My Celtic Anabaptist Heart

On January 25, 2020 was the first anniversary of Celtic Heart for Christ Ministries. In another month I will be celebrating my first anniversary of being ordained as a Minister of Christ through the Celtic Anabaptist Communion. I have heard a couple of concerns involving both events in my life. One was that the ordination was a bucket list fulfillment and the other I was heading into some sort of paganized Christian belief. I do not believe either is true regarding me.


This time last year I had a strong desire to become ordained for ministry. In researching an avenue for ordination, the Lord led me to the Celtic Anabaptist Communion. My biblical studies in the Fellows Program of the C. S. Lewis Institute, helped qualify me for ordination with the CAC. Reading their Tenants of Faith, I discovered a ministry organization whose faith values and views aligned with mine. Thus, I applied and was ordained on February, 28, 2019.

 

Now the question of the relationship between the Celts and the Anabaptists. The Celts are strongly associated with the British Isles and the Anabaptist have their founding in Switzerland and Germany, so what is the relationship? From my research over the past year what I have come to understand, (other historians may have a different perspective), the Anabaptist emerged in 1525, the early days of the Protestant Reformation. The Anabaptist’s founders felt the Reformation was not radical enough. They believed the Christian church should return to its early roots of smaller home fellowships in a community of believers seeking the Holy Spirit for guidance and direction. Jesus’ teachings of the Sermon on the Mount would be their doctrinal structure. They also did not believe in State government having any say in their faith practices nor did they believe the reformed established institutional church should dictate their doctrines as well. Their beliefs put them in a position of being outlaws in Christendom. Over the next couple of hundred years, thousands of Anabaptist were imprisoned and executed, however, in that same time period thousands of people came to Christ for salvation.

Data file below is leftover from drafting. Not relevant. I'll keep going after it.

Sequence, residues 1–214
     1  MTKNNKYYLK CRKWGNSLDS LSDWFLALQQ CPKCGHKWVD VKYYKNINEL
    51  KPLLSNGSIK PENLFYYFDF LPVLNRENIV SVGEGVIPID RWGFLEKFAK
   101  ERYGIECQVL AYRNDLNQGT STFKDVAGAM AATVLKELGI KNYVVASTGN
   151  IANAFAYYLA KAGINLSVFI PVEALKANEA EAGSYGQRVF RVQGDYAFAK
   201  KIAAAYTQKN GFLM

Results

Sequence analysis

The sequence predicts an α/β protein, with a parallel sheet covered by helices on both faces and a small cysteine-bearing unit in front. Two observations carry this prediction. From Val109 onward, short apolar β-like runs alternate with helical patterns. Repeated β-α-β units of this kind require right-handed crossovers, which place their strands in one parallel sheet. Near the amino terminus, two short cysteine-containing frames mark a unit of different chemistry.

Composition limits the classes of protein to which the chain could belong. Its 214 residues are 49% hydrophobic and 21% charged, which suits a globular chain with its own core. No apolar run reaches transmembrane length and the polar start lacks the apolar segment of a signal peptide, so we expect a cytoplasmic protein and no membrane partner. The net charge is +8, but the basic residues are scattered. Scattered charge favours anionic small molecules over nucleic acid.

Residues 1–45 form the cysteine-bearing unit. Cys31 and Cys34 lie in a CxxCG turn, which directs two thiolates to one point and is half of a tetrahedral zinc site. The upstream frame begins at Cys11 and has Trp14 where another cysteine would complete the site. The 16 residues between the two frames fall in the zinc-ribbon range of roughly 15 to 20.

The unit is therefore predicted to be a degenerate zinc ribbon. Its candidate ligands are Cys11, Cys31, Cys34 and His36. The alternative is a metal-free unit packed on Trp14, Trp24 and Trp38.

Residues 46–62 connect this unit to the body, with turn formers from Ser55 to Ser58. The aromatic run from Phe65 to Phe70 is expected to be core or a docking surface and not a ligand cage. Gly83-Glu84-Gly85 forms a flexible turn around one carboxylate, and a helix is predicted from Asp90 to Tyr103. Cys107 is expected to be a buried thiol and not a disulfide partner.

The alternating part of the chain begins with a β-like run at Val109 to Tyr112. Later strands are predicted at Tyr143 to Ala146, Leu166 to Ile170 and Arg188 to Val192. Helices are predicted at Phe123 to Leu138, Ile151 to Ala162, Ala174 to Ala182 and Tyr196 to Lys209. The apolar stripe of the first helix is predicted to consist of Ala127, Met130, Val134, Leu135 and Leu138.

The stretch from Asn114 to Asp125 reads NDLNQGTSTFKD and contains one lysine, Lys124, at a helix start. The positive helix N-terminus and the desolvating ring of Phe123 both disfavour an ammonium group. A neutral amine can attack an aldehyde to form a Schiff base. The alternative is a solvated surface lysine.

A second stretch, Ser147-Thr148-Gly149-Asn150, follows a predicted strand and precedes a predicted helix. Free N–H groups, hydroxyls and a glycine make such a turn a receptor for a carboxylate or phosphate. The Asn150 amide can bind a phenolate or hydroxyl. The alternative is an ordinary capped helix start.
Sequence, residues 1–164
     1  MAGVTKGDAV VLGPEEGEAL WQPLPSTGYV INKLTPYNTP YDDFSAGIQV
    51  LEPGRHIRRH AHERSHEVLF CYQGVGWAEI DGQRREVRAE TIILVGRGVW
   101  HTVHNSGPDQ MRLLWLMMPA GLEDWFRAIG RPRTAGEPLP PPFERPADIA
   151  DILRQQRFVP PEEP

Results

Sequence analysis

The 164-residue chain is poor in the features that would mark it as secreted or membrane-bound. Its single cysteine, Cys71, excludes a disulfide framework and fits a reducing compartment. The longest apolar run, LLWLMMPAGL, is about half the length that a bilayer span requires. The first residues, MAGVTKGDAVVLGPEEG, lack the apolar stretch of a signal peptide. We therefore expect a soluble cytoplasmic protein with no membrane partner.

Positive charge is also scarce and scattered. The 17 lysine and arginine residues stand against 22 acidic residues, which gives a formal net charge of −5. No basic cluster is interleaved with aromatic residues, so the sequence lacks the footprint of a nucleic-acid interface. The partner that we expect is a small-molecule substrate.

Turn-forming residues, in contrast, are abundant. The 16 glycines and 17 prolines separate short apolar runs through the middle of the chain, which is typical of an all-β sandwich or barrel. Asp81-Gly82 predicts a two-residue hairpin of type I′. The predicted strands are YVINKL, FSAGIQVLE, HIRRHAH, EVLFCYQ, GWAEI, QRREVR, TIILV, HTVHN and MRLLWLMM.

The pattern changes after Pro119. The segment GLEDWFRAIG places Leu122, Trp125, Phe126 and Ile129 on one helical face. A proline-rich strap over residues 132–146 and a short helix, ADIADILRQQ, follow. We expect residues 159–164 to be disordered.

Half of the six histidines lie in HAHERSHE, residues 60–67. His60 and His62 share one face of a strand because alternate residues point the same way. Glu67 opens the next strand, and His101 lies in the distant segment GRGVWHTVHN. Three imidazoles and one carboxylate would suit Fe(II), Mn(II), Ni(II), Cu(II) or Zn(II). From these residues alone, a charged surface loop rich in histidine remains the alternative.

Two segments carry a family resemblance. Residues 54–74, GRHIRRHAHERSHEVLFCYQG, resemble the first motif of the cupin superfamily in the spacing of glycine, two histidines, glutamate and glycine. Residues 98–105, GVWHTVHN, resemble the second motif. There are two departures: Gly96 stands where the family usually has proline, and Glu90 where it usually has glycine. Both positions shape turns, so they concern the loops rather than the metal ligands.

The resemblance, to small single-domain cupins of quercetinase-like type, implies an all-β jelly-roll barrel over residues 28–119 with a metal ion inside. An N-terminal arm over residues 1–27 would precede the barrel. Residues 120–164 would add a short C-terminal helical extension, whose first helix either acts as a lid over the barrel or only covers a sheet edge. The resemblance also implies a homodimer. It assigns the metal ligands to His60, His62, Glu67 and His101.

So, what of the Celts? Were they not pagan druids? Yes, they were. Some researchers place the arrival of Christianity in Roman controlled Britain as early as the mid to late first century. The first arrivals may have been Christian Jews escaping Jewish persecution. However the journey to Britain, Christianity did arrive. The Gospel message of Jesus Christ found fertile ground in which to be planted. I personally feel that the people receiving Christ as savior saw it as a completion to their druidic beliefs that their pagan beliefs lacked. Coming to know the God of all creation gave more meaning to their cultural spirituality.

 

The Celts were a people with a heart of hope; they went from worshiping nature to worshiping the creator and saw Him in His creation and their need to properly care for it; all of life and life’s actions are sacred and that the spiritual and physical are connected and interactive; they loved and valued the arts as a creative gift from God and as part of His image imparted into us at creation; they saw God as the divine mystery, forever to be sought and who will never be understood. The advantage of the development of Celtic Christianity was that they had minimal interaction with Christian institutional dogmas developing in Western Europe and the Mediterranean basin for the first 600 years. As the Christian church grew those bringing the Gospel of Jesus Christ ministered to the common people residing in villages and towns. The love of Jesus was shared to build the people up in their faith not to dictate compliance.

 

My ancestral lineage is Scot, Irish, and English. The heart of the Celt beats within me. My desire is that I might share the heart of Jesus Christ and His salvation with the same passion of my Celtic ancestors. Not as Christianized paganism, but to be a completed soul in Jesus Christ.

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